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My curiosity expanded. I later travelled to Imo state and right there in my remote village, I engaged some youths in discussion over the increase in the number of mental health cases around. They laughed and said I must be new to what has been happening. I asked questions. “It is the effect of mkpuru mmiri”, I was told. Yes, even in my remote village where poverty stares everyone in the face with commercial motorcycling as the most viable activity, even when it cannot guarantee two meals a day, some still find resource to buy and consume mkpuru mmiri. “Brother”, one said to me, “it is like it has been long you came home last. I am surprised that you do not know what is happening here. Many of our youths are involved. They no longer hide it. Before, it was Indian hemp. Now, it is mkpuru mmiri. How they got to know of it, we do not know. You can see many of them walking up and down the road already mad. And many more will become mad because the drug makes them mad”.

I recall that while driving to my village, I tuned-in the car radio to Sapientia FM Onitsha. The phone-in programme of the day was specially designed for people of 60years and above. I picked interest in the topic and listened. It was about the reality of mkpuru mmiri. I heard men and women, all above 60, call in to comment, and complain, about the impact of mkpuru mmiri on youths around them. That brought home the reality of the widespread usage, and abuse, of the substance among youths. And from my enquiries, the situation is no different in Abia, Enugu and Ebonyi states. In Abia, I am told that it is the most open secret in the streets of Aba. Igboland is facing a crisis!

The reality is that mkpuru mmiri is now the cancer that is gradually destroying Igbo youths. Many of the youths I spoke to are not in doubt that in the next five to ten years, there will be an increase in the number of mental health cases, among youths, in the southeast. How they arrived at this is what I do not know, but they may be statistically correct given the cases they have already witnessed around them. I also recall that sometime last year in Orlu, Imo state, a woman, said to be a health management expert, made a video that went viral where she warned other women, during their annual August Meeting, that the number of mental health cases was bound to rise in the next five years as a consequence of the consumption of mkpuru mmiri. She went around the town like a town crier, calling on parents to take action.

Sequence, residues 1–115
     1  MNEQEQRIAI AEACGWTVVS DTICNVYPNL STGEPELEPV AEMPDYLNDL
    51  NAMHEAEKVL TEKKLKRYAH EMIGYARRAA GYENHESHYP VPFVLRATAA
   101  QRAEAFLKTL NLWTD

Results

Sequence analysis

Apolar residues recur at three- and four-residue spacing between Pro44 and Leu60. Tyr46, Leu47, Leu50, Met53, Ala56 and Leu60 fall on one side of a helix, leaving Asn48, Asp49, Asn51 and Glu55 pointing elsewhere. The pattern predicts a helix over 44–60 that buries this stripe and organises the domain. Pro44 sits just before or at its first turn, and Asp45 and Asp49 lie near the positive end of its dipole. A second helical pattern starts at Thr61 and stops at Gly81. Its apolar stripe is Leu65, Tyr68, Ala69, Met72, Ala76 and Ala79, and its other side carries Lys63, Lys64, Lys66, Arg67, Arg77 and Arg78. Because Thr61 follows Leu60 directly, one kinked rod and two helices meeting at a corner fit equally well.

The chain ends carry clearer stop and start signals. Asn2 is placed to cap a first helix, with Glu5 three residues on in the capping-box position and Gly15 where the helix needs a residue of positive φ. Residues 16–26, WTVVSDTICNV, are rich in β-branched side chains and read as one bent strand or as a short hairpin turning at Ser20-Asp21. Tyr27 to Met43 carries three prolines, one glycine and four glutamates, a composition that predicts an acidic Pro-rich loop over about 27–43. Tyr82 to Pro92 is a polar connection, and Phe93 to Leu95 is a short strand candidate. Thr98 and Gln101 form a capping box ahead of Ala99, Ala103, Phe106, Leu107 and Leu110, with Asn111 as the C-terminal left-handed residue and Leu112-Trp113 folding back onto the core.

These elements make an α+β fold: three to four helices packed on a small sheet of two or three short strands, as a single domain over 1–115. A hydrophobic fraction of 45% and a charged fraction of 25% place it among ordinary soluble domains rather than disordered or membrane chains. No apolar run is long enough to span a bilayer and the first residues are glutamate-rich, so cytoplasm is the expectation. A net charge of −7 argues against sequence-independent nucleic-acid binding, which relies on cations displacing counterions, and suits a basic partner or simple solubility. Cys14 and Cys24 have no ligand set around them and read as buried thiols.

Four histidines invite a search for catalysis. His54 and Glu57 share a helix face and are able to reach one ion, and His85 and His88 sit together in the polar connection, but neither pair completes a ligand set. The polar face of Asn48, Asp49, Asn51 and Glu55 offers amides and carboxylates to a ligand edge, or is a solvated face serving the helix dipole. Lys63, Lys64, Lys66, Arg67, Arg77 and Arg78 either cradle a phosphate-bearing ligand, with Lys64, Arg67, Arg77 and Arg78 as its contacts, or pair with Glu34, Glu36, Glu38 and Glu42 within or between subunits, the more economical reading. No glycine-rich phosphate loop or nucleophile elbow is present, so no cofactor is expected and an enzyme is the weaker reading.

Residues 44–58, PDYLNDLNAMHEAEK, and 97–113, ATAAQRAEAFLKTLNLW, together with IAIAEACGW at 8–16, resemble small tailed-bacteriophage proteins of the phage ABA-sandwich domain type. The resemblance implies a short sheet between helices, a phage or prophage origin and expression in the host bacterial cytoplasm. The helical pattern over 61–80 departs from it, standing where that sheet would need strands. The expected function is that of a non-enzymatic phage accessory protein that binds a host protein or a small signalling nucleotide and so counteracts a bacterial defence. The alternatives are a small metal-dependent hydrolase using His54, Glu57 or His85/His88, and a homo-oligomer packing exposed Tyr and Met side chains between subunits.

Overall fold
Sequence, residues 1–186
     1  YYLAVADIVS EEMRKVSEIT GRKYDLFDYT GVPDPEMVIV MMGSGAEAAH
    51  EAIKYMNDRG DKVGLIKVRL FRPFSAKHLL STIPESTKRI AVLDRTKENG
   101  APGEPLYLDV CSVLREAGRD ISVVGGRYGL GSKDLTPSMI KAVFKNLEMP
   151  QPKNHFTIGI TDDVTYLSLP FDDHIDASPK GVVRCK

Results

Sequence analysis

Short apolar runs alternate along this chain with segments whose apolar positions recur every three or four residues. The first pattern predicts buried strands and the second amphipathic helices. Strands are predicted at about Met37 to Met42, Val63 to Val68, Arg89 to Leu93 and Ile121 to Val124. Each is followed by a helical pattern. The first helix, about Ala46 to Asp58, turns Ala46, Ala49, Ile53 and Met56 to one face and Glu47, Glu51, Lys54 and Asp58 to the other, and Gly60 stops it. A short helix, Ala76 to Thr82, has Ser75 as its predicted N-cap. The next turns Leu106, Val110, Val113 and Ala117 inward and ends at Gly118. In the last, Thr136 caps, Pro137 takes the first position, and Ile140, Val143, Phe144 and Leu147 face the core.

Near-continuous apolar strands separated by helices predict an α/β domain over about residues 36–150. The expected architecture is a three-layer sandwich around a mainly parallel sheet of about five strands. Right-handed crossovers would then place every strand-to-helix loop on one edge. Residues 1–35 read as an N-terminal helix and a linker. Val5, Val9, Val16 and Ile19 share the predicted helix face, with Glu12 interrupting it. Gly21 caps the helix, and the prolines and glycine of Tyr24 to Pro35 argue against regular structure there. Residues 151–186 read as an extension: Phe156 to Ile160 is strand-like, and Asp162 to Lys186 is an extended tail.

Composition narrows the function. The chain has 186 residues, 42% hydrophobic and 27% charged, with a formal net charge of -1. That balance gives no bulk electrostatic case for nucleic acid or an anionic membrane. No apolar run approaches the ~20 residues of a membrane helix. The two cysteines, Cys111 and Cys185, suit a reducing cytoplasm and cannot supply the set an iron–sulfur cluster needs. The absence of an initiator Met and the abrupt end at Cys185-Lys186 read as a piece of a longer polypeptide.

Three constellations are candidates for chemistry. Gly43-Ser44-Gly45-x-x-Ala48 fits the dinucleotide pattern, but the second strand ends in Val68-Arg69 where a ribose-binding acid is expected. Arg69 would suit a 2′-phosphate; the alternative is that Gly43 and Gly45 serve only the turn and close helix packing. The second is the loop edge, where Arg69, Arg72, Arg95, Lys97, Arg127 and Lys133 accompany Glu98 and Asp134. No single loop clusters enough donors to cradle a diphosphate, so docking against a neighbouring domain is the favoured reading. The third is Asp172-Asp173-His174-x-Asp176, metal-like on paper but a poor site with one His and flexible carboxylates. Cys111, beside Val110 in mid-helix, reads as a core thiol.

I am not a mental health expert. I am also not deeply schooled in issues that relate to mental health as a consequence of substance abuse. For this reason, therefore, I think it is time that experts in this field go on the offensive and begin mass public enlighten campaigns against mkpuru mmiri. It is time for the National Orientation Agency (NOA), and all similar agencies in the states of the country to gird their loins and try to re-establish their relevance using mkpuru mmiri as campaign focus. Parents, guardians, town unions, faith-based organizations etc., there is a problem coming. It is already here. The call for action is urgent. I have a feeling that what we see as violent agitations, banditry and terrorism, as expressed by all the renegade groups across the country, may actually be the outcome of the consumption and abuse of mkpuru mmiri or other such drugs. This is because, as has been said, mkpuru mmiri can also cause compulsive irrational behaviour.